About Hagyard Pharmacy: Hagyard Pharmacy is a full-service equine pharmacy located in Lexington, Kentucky. It is affiliated with the Hagyard Equine Medical Institute and its 140+ years of equine veterinary experience, making it the number one name in equine health. This affiliation gives Hagyard Pharmacy a unique perspective in providing compounds, over-the-counter pharmaceuticals, and supplements to the equine industry. This has led to the development of innovative products, such as the Resolvet line products that is inspired and developed by pharmacists to address specific needs for equine supplements and performance aids. The Resolvet line includes Relyne GI for gastric support, Reflex HA for joint support, Revyve digestive support, Relyte HA electrolyte paste, Relieve intestinal adsorbent, Repair hoof oil, and Resolve antimicrobial spray. For more information, visit hagyardpharmacy.com and resolvet.com.

About Hagyard Equine Medical Institute: With more than 50 veterinarians and 145 years behind it, Hagyard Equine Medical Institute is the oldest and one of the largest private equine veterinary practices in the world. Based in Lexington, Kentucky, the facility, located across the street from the Kentucky Horse Park, boasts superior ambulatory services, the world-renowned Davidson Surgery Center, McGee Medicine and Fertility Centers, Hagyard Laboratory, Hagyard Sports Medicine & Podiatry Center, and hyperbaric medicine facilities. For more information, visit hagyard.com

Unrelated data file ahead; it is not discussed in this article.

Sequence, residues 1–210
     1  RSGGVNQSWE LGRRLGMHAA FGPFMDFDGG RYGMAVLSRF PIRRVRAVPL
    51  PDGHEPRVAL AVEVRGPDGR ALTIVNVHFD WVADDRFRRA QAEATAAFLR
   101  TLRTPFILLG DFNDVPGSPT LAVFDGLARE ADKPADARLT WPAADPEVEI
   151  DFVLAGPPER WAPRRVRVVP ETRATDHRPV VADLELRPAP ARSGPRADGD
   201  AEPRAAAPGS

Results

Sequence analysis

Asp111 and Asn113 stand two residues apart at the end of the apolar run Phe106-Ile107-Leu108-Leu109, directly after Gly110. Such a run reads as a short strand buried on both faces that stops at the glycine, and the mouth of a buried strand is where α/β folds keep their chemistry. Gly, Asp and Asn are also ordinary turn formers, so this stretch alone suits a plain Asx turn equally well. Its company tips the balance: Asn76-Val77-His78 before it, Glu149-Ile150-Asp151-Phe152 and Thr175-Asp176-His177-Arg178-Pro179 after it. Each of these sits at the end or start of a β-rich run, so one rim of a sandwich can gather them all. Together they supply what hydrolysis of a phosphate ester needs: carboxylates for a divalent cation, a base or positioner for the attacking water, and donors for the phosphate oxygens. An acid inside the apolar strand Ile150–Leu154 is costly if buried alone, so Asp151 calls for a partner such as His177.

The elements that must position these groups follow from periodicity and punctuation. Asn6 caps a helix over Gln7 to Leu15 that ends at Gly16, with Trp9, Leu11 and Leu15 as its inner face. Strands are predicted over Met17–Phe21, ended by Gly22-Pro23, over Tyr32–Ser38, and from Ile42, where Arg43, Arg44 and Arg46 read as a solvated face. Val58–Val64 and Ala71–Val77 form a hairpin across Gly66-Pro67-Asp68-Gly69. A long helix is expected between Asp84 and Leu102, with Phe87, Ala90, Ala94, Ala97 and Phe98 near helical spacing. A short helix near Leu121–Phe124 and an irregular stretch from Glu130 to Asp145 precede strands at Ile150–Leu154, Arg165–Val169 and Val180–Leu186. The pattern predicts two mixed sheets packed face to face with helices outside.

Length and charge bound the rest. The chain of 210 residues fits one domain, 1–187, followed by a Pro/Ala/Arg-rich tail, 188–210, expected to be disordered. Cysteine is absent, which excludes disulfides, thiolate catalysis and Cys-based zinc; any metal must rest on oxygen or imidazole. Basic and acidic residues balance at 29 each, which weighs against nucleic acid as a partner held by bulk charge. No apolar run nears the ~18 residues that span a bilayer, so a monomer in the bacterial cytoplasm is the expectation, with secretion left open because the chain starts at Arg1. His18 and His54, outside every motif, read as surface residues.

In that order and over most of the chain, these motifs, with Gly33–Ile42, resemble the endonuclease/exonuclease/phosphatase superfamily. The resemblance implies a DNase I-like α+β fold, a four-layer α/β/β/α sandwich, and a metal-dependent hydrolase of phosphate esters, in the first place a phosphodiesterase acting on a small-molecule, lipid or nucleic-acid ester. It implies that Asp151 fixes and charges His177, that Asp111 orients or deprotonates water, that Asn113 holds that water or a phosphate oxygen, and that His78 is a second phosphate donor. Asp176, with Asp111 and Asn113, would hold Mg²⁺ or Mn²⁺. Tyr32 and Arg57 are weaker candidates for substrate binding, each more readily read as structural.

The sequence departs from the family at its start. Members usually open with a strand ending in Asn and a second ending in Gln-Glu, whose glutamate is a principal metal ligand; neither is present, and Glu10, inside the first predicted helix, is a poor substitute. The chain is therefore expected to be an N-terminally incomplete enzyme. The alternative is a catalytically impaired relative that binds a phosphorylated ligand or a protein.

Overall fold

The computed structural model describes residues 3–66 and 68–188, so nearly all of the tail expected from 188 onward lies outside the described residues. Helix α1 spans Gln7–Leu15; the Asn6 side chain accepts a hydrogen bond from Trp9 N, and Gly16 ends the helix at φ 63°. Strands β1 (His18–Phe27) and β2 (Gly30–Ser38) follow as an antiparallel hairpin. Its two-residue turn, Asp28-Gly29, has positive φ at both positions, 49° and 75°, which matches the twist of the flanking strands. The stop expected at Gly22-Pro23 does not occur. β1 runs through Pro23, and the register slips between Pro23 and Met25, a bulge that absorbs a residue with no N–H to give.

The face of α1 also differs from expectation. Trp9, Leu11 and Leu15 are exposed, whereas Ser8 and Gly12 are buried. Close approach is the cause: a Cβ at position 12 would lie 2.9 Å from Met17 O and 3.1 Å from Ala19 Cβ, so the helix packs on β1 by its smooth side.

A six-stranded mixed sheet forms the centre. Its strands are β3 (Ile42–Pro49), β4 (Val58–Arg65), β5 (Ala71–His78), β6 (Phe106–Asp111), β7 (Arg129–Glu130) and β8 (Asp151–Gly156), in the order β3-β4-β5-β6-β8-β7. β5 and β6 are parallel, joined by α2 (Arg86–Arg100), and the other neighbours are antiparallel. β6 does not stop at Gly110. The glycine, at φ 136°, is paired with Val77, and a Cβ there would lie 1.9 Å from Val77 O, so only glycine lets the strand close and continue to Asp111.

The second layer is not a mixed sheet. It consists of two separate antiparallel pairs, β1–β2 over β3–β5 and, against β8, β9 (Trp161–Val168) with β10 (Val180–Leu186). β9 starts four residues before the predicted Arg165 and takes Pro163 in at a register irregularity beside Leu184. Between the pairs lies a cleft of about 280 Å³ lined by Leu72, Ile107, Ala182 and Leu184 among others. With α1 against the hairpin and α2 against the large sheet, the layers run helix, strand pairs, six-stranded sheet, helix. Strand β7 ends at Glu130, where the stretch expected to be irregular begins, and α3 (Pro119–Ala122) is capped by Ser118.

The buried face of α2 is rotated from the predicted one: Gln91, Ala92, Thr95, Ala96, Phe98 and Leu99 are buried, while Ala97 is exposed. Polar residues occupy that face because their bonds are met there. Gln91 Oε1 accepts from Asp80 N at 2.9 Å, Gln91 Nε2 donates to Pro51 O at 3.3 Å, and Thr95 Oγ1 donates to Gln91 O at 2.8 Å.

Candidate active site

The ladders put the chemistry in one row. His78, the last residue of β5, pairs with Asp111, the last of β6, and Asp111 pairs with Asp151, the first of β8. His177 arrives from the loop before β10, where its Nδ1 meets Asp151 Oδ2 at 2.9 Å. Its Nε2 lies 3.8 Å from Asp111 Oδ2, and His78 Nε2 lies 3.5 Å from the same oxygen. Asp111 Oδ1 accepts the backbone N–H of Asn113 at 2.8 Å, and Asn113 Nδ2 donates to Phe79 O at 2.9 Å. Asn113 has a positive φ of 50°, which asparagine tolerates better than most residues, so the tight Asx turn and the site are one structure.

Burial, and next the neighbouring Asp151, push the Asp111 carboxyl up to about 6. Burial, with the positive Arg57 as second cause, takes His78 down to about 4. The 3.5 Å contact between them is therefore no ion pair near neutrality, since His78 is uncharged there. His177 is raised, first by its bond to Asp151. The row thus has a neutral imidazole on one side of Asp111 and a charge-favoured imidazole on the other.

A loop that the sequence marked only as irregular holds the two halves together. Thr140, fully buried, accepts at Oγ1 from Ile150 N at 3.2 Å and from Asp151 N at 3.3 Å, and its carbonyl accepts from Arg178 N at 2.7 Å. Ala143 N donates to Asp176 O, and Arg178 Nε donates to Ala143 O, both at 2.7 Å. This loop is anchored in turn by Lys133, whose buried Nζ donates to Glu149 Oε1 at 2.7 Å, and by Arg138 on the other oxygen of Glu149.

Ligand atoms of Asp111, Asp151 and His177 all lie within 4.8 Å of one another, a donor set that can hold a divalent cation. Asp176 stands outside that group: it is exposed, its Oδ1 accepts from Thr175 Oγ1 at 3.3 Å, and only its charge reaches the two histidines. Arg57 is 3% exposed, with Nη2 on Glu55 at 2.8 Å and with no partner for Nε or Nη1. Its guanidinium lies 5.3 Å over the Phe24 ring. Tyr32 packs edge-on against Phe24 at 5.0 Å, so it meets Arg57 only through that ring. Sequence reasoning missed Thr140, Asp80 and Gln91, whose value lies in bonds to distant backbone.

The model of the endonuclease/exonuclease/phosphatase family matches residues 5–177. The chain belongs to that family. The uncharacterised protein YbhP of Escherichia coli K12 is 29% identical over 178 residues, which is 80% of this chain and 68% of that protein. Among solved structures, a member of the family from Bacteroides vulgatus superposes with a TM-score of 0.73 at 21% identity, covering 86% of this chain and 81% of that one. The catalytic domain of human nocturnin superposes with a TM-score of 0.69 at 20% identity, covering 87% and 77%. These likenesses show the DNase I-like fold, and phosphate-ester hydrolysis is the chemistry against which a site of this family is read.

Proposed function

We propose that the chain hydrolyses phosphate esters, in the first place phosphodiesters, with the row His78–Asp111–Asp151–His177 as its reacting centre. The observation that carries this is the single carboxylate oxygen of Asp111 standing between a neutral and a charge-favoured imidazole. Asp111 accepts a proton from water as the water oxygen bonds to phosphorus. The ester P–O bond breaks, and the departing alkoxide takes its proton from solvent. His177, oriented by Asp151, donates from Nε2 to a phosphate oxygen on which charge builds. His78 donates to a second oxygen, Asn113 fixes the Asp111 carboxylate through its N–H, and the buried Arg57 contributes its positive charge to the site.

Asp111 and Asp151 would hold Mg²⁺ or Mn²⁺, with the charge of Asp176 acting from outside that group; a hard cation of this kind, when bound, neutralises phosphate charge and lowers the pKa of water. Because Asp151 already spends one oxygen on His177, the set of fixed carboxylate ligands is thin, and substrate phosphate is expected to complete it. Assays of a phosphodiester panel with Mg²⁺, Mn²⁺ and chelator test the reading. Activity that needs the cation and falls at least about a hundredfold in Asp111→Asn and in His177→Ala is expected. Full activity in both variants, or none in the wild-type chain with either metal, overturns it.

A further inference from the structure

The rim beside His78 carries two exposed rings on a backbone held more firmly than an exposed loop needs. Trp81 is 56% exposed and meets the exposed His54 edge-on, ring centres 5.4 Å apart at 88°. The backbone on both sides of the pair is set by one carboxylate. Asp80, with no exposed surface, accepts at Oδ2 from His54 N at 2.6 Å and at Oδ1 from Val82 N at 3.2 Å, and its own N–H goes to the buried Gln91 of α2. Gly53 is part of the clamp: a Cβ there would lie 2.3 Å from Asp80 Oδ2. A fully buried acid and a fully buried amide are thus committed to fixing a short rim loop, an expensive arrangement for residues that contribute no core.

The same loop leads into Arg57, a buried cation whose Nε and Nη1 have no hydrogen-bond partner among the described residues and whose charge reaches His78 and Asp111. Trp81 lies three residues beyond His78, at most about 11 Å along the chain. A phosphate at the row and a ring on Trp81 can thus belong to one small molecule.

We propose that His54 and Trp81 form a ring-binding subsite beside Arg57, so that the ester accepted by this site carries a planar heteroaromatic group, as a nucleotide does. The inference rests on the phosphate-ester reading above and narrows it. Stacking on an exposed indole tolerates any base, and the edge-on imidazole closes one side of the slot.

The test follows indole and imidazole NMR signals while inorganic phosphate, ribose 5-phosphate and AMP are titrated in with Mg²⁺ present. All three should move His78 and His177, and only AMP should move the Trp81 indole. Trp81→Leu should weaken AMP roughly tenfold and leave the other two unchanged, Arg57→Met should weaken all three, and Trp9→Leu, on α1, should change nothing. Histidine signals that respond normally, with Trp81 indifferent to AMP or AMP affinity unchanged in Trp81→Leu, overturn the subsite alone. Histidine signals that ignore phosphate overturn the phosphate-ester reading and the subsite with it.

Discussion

Proper Training Doesn’t Just Make Horses Faster — It Changes Their Organs

Proper training of the equine athlete can produce results in more than just muscle mass: it can and should create physiological changes in the lungs, spleen and heart.

Proper athletic conditioning can increase the actual size of the heart, which is a factor in cardiac output. Cardiac output is a combination of heart rate and stroke volume. The more blood that pumps through the heart, the more oxygen arrives at the muscles.

A horse that has been trained properly will have healthy lungs, which can take in more oxygen. The oxygen is then carried by the blood and distributed to the muscles. Called maximum oxygen uptake, this process provides power for a longer time. If all other equine systems are in order, the horse’s performance level is directly related to maximal oxygen uptake, which can increase by 35 times between rest and intensive exercise.

 

Read Paulick Report Article